Quantification of risk for early unplanned readmission after rectal resection: a single-center study.

Journal of the American College of Surgeons

PubMedID: 23870215

Turina M, Remzi FH, Dietz DW, Kiran RP, Seyidova-Khoshknabi D, Hammel JP, Vogel JD. Quantification of risk for early unplanned readmission after rectal resection: a single-center study. J Am Coll Surg. 2013;217(2):200-8.
BACKGROUND
Several factors predictive of readmission after colorectal surgery have been identified. Although often grouped together in readmission studies, colon and rectal resections differ in many ways. The aim of this study was to identify factors associated with readmission after rectal resection.

STUDY DESIGN
We performed a retrospective, single-center cohort study of 565 patients who underwent rectal resections at a tertiary referral center in 2010 and 2011. The main outcomes measure was readmission within 30 days. Univariate comparison between readmitted and nonreadmitted patients was followed by a stepwise logistic regression to identify independent risk factors for readmission.

RESULTS
There were 105 patients (18.6%) readmitted. Indication (inflammatory bowel disease [IBD], p = 0.008), type of operation (pelvic pouch surgery, p = 0.02), use of laparoscopy (readmission 27.8% vs 14%, p < 0.001), and length of operation (p < 0.001) were associated with a higher readmission rate on univariate analysis. Neither preoperative chemoradiation (p = 0.89) nor American Society of Anesthesiologists class (p = 0.09) was associated with readmission. Logistic regression showed use of laparoscopy (odds ratio [OR] 1.94, 95% CI 1.23 to 3.07), initial diagnosis of IBD (OR 1.84, 95% CI 1.17 to 2.93), and length of operation (OR 1.09, 95% CI 1.03 to 1.16 per 30 minutes) to be independent risk factors. Risks of readmission were 6.7%, 13.4%, 27.4%, and 27.4% with 0, 1, 2, or 3 positive risk factors, respectively.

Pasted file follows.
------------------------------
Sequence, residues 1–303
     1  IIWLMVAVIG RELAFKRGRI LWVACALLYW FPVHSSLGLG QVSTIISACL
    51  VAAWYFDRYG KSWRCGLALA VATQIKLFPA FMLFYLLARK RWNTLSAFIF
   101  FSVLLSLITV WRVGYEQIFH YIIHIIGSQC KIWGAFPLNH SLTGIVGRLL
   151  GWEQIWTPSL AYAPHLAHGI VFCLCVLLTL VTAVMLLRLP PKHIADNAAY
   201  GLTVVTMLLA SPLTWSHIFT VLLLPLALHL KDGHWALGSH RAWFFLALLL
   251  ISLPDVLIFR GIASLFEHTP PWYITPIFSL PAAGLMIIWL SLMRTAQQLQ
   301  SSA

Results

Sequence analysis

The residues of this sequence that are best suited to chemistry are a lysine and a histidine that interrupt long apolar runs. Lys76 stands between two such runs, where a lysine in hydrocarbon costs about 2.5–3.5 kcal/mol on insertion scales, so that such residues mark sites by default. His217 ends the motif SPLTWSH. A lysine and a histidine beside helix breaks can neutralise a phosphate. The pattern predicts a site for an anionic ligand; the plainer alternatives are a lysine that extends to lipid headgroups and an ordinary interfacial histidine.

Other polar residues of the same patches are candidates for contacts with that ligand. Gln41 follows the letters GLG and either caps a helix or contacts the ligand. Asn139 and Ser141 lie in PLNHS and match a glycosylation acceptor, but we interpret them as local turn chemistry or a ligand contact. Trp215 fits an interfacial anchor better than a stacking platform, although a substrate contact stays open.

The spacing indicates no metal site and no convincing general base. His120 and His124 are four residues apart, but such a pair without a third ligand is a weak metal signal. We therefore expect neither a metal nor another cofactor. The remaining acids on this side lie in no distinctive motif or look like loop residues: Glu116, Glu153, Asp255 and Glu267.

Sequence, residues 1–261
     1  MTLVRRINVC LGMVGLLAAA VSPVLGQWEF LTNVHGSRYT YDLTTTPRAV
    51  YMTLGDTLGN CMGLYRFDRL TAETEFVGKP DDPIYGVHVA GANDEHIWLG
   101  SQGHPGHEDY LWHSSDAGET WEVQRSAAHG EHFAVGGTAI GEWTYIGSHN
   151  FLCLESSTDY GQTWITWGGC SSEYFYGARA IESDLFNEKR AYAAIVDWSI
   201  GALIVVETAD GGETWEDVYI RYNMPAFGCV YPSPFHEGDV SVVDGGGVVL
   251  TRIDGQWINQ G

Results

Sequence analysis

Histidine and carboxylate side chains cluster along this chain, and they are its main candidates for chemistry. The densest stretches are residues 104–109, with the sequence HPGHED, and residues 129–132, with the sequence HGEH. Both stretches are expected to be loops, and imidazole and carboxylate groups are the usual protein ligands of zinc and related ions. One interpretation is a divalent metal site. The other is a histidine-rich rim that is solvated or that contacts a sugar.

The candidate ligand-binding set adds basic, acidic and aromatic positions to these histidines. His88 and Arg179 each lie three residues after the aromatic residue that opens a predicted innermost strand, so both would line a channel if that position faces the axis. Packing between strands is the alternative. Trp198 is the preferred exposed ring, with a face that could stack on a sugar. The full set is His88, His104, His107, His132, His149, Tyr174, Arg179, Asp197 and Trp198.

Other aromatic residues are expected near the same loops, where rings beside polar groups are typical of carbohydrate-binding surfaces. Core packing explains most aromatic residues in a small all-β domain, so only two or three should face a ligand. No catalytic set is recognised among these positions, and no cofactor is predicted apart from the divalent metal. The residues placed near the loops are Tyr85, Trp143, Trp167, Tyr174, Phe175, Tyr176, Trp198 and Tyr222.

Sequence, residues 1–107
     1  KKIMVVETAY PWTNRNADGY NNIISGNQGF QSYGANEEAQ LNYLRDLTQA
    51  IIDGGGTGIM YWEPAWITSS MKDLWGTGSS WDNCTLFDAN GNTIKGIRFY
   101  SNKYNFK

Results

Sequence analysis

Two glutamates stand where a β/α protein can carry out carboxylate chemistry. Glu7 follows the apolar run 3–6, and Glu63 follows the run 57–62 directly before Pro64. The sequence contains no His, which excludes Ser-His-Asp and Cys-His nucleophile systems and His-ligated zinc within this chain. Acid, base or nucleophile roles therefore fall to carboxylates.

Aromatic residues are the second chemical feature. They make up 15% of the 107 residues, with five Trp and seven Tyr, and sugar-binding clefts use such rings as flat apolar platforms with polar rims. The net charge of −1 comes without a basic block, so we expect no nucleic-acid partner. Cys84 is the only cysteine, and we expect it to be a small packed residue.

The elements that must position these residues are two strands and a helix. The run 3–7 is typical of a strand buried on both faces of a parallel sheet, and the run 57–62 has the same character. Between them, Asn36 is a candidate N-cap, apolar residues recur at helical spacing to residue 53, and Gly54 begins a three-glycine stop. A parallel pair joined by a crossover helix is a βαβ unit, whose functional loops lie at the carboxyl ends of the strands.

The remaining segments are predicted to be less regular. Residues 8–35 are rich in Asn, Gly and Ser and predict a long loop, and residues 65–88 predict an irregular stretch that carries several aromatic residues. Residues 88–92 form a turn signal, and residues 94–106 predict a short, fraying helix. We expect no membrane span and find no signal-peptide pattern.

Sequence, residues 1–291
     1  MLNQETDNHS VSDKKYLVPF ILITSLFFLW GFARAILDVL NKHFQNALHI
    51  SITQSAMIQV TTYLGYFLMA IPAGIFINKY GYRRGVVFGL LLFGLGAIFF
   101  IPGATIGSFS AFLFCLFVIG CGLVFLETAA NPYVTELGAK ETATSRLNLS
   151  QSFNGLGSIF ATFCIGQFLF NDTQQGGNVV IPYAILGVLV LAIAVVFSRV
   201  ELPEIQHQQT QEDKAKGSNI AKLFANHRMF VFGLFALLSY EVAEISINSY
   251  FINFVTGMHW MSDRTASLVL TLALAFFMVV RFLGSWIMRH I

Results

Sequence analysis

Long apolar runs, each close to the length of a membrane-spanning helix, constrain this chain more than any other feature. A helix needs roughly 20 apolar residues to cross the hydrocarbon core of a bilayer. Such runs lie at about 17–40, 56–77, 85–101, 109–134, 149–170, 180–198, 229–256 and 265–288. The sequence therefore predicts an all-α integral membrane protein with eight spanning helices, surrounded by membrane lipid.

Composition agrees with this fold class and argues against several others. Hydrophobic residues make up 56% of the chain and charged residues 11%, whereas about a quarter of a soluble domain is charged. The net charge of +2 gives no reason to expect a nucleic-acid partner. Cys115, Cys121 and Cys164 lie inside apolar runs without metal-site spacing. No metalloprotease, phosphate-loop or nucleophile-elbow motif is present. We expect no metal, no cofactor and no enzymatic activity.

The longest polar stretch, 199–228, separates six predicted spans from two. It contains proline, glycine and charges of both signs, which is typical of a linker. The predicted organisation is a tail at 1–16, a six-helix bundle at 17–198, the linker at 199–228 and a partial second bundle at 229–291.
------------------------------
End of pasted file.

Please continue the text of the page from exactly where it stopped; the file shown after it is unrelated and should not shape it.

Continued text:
CONCLUSIONS
Readmission after rectal resection is associated with the indication for surgery and the operative technique used. Optimization of factors related to the underlying pathology and careful appraisal of the operative technique may result in decreased readmission after proctectomy.